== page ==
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Review: Romanian Found Footage ‘Be My Cat’ is Unsettling

By: Nicholas J. Spacek

be-my-cat-a-film-for-anne-poster-small-updated5Adrian Țofei’s Be My Cat: A Film for Anne is Romania’s first found footage horror movie, and it is spectacularly unsettling. Țofei wrote, directed, produced, and stars in this film, which is about a young man in Romania who is making a movie in order to convince Anne Hathaway to come and star in a movie he is making. As the film progresses, the character of Țofei goes to ever-increasing (and disturbing) lengths to prove himself to the Hollywood actress.

At the beginning of Be My Cat, Țofei’s self-shot movie seems a lot like a very earnest project undertaken by a genuine and childlike young man. Very quickly, though, A Film for Anne becomes something more akin to a prom ask video gone terribly wrong.

“I would never do something like this in real life,” explains Țofei at one point early in the film. Mind, he’s in the midst of undressing and reclothing a woman whom he has chloroformed and kidnapped while he says this. Țofei the actor / director is “in character” throughout the entire of the film he’s shooting, and the line blurs as to whether this is Țofei actually making a movie for Anne Hathaway or whether this is the plot of a film he’s self-shooting.

The dark humor and blurring of the lines between the subject of the film and the film’s subject really remind the viewers of nothing so much as a one-man version of the French film, Man Bites Dog. The macabre laughs and gradual descent of the person behind the camera into willing violence are a perfect reminder of why that movie worked so well.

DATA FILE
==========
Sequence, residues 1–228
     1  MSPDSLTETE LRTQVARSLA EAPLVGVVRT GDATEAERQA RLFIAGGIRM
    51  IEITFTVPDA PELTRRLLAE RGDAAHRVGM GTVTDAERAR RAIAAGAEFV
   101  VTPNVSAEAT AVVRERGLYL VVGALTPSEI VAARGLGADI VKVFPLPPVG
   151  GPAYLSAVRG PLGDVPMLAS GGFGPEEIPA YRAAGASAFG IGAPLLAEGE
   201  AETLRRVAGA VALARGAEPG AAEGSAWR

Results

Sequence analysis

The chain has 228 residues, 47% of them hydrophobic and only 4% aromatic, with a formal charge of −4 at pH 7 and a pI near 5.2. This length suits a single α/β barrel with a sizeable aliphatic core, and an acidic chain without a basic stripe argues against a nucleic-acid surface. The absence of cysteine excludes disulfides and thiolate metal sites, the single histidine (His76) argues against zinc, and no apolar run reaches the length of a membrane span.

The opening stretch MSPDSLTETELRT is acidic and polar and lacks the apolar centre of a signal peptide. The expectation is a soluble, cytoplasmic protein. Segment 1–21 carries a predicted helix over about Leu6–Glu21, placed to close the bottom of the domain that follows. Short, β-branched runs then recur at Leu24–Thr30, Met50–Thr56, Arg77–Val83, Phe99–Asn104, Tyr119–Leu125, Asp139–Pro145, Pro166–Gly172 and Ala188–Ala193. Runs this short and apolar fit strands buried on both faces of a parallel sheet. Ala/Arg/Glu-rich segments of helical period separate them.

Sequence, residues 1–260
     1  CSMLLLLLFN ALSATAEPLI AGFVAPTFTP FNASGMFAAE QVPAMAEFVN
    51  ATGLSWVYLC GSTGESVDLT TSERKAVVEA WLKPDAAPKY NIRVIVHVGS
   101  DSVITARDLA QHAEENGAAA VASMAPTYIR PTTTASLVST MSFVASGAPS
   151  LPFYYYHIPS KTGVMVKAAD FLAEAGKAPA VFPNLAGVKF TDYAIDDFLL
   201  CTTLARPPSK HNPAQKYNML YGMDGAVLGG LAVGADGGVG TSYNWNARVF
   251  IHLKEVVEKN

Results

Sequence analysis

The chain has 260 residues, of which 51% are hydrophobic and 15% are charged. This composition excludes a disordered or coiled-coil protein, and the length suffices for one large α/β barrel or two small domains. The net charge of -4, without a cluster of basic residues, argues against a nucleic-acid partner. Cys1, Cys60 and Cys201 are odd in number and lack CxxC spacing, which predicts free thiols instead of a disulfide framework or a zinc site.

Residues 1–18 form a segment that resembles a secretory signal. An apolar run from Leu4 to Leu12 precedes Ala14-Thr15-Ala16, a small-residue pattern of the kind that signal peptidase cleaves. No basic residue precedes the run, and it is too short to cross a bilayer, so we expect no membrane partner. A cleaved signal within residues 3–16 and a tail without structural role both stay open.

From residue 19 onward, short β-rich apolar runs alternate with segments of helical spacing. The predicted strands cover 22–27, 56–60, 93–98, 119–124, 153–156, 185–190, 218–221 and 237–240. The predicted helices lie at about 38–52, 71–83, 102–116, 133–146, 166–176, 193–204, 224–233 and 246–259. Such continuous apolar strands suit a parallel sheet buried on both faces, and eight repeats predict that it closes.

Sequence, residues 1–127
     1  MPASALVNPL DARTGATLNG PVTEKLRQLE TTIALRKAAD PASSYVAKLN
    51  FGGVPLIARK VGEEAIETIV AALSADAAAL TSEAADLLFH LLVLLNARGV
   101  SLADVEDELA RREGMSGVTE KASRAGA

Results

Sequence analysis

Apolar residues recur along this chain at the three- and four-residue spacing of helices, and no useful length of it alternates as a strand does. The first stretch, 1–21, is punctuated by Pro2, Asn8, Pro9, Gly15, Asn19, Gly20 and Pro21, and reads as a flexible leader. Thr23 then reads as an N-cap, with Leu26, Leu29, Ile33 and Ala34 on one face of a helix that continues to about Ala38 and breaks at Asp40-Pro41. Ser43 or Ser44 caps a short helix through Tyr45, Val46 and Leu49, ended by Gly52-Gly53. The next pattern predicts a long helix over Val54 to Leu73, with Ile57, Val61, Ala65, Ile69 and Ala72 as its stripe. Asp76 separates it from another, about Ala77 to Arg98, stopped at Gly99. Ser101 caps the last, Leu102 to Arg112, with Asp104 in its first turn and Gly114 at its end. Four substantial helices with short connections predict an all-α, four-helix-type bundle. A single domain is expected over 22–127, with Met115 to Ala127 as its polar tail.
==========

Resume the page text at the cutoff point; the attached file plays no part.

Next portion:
Be My Cat works primarily due to Țofei’s childlike enthusiasm throughout the whole of the film. His smile, his absolute positivity about everything, and willingness to let himself shine through keep the movie rolling along after a fantastic open slows down in the middle section. The ending perks it all back up, however, and the brilliance of showing absolutely nothing in a scene of what’s evidently brutal torture is ostensibly a conceit to protect the sensibilities of Ms. Hathaway, but it’s a wonderfully low-budget way to create a sense of terror and leave the viewer cringing.

While found footage can be a tiresome experience, director Țofei has created a film which engages and keeps the viewer questioning the whole way through, and never sticks to expectations as to what this genre does. It’s a lot of fun, and the experience of rooting for a madman has never been quite so heart-warming.

Adrian Țofei’s Be My Cat: A Film for Anne is available via Vimeo On Demand starting December 5, and will be available via Amazon Prime and Video, as well as DVD, starting in January.

You can find more information at https://www.bemycatafilmforanne.com/ and Be My Cat’s official Facebook page

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